Canada Takes U.S. to WTO Over Trade Dispute

Canada has launched a wide-ranging trade complaint against the U. S., the World Trade Organisation (WTO) said in a dispute that Washington said would damage Canada’s own interests and play into China’s hands.

Canada’s complaint, challenging Washington’s use of anti-dumping and anti-subsidy duties was based on almost 200 examples of alleged U.S. wrong doing and almost all of them concern other trading partners such as China, India, Brazil and the EU.

“Canada’s new request for consultations at the WTO is a broad and ill-advised attack on the U.S. trade remedies system.

”Even if Canada succeeded on these groundless claims, other countries will primarily benefit, not Canada.

“Canada’s complaint is bad for Canada,” U.S. Trade Representative Robert Lighthizer said in a statement.

The 32-page complaint faulted technical details of the U.S. trade rule book, ranging from the treatment of export controls to the handling of split decisions at the six-member U.S. International Trade Commission.

Canadian Foreign Minister Chrystia Freeland said the legal action was in response to the “unfair and unwarranted” U.S. duties against Canada’s softwood lumber producers and part of a “broader litigation” to defend forestry jobs.

“We continue to engage our American counterparts to encourage them to come to a durable negotiated agreement on softwood lumber,” Freeland said in an emailed statement.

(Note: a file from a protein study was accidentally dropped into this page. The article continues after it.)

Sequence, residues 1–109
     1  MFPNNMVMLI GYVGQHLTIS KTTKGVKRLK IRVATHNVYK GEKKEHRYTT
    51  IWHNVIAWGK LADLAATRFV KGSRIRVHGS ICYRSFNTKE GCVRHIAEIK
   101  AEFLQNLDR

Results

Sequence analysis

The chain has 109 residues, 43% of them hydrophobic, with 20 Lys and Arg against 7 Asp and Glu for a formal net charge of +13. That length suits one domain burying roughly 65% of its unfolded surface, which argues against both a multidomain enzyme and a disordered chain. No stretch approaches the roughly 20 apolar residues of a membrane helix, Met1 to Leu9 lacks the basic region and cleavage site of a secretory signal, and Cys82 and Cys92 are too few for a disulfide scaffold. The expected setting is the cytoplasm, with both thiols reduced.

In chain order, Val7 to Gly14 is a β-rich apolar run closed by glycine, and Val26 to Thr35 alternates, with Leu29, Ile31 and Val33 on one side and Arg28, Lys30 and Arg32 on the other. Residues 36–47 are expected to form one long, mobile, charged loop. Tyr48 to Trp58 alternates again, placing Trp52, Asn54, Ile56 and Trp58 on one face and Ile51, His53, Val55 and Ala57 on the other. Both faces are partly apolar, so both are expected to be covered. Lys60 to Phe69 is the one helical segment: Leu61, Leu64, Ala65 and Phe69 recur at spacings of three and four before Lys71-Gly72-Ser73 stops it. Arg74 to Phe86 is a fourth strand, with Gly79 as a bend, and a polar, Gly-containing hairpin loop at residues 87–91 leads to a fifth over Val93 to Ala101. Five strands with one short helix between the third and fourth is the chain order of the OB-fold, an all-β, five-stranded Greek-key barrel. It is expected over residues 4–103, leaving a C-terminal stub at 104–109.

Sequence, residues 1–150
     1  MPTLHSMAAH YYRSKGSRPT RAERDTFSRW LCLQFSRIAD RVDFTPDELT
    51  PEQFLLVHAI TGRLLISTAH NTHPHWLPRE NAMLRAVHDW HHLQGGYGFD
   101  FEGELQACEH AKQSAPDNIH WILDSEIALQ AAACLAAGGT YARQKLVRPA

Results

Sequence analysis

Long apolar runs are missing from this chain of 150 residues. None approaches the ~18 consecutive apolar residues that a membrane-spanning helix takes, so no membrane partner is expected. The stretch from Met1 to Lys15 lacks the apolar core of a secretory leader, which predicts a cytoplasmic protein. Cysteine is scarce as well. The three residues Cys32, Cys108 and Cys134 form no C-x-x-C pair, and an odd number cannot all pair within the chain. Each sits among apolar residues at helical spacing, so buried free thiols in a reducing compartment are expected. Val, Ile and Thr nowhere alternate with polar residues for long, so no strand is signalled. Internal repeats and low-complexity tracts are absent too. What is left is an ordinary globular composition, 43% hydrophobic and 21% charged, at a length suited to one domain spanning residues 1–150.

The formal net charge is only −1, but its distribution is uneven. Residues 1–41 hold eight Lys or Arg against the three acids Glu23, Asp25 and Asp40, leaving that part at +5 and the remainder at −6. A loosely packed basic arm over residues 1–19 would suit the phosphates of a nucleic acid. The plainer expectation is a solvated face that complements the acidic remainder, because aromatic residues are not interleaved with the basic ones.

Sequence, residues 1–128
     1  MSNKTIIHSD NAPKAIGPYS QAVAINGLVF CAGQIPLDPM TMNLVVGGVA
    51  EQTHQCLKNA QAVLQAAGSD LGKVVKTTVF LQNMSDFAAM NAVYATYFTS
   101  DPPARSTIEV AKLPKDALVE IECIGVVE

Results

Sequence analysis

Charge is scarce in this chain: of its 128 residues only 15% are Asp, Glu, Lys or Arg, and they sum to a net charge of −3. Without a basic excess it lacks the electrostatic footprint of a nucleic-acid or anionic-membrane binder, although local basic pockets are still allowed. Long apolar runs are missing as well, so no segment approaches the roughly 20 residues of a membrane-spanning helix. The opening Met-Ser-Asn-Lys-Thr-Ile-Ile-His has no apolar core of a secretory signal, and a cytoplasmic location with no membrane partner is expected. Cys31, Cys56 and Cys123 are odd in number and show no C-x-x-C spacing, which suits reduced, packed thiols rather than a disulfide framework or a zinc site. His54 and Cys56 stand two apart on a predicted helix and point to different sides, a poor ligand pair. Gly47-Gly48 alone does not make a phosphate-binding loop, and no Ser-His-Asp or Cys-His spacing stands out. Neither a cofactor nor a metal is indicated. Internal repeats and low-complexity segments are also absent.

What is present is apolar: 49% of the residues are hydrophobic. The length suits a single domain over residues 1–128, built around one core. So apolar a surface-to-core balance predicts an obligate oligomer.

Canada said U.S. procedures broke the WTO’s Anti-Dumping Agreement, the Agreement on Subsidies and Countervailing Measures, the General Agreement on Tariffs and Trade and the Understanding on Rules and Procedures Governing the Settlement of Disputes.

Anti-dumping and countervailing duties – punitive tariffs to restrict imports that are unfairly priced or subsidised in order to beat the competition – are a core component of Washington’s trade arsenal, and frequently used to defend U.S. interests.

For U.S. President Donald Trump, who has espoused an “America First” trade policy and the unravelling of multi-party trade agreements, those levers for managing individual U.S. trade relationships appear even more important than before.

Under WTO rules, the U. S. has 60 days to try to settle the complaint, or Canada, which sends 75 per cent of its goods exports to the U. S., could ask the WTO to adjudicate.

Lighthizer said Canada’s demands undermined confidence in its commitment to mutually beneficial trade, and would only damage its own interests if they were realised.

“The flood of imports from China and other countries would negatively impact billions of dollars in Canadian exports to the U. S., including nearly nine billion dollars in exports of steel and aluminium products and more than 2.5 billion dollars in exports of wood and paper products,” he said.

The tariffs at the centre of the complaint are allowed under WTO rules but they are subject to strict conditions.

The U.S. has been under fire for years about the way it calculates unfair pricing, or dumping. It has already lost a string of WTO disputes after its calculation methodology was ruled to be out of line with the WTO rule book.

Trump has threatened to expand the use of punitive duties against China and has angered Beijing by refusing to accede to China’s demand to be treated as any other “market economy”.

He has also upset Canada by demanding major changes to the North American Free Trade Agreement and by slapping punitive tariffs on Canadian softwood lumber exports, leading to a challenge at the WTO and NAFTA.

Trade friction has also arisen over a dispute between U.S. planemaker Boeing Co (BA.N) and its Canadian rival Bombardier Inc (BBDb.TO), which faces a potential 300 per cent duty on U.S. sales of its CSeries jets.

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